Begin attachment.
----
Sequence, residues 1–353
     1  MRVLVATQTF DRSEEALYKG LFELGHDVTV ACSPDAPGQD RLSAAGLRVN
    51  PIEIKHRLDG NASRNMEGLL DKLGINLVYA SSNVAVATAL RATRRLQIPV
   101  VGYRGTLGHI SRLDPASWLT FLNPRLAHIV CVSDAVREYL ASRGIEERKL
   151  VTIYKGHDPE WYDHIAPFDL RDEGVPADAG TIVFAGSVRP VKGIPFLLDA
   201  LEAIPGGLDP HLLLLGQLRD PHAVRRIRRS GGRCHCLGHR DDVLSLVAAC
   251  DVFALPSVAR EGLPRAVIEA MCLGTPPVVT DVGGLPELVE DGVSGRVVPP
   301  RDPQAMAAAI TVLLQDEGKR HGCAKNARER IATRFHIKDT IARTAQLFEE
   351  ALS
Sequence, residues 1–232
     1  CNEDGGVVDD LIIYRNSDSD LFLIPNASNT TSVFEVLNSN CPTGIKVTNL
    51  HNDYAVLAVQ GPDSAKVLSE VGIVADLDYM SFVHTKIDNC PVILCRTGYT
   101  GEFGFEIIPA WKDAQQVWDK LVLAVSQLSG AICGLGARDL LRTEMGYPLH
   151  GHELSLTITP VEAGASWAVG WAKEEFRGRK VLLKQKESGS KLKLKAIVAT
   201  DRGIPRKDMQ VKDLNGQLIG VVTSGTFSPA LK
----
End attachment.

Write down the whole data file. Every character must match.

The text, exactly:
Sequence, residues 1–353
     1  MRVLVATQTF DRSEEALYKG LFELGHDVTV ACSPDAPGQD RLSAAGLRVN
    51  PIEIKHRLDG NASRNMEGLL DKLGINLVYA SSNVAVATAL RATRRLQIPV
   101  VGYRGTLGHI SRLDPASWLT FLNPRLAHIV CVSDAVREYL ASRGIEERKL
   151  VTIYKGHDPE WYDHIAPFDL RDEGVPADAG TIVFAGSVRP VKGIPFLLDA
   201  LEAIPGGLDP HLLLLGQLRD PHAVRRIRRS GGRCHCLGHR DDVLSLVAAC
   251  DVFALPSVAR EGLPRAVIEA MCLGTPPVVT DVGGLPELVE DGVSGRVVPP
   301  RDPQAMAAAI TVLLQDEGKR HGCAKNARER IATRFHIKDT IARTAQLFEE
   351  ALS
Sequence, residues 1–232
     1  CNEDGGVVDD LIIYRNSDSD LFLIPNASNT TSVFEVLNSN CPTGIKVTNL
    51  HNDYAVLAVQ GPDSAKVLSE VGIVADLDYM SFVHTKIDNC PVILCRTGYT
   101  GEFGFEIIPA WKDAQQVWDK LVLAVSQLSG AICGLGARDL LRTEMGYPLH
   151  GHELSLTITP VEAGASWAVG WAKEEFRGRK VLLKQKESGS KLKLKAIVAT
   201  DRGIPRKDMQ VKDLNGQLIG VVTSGTFSPA LK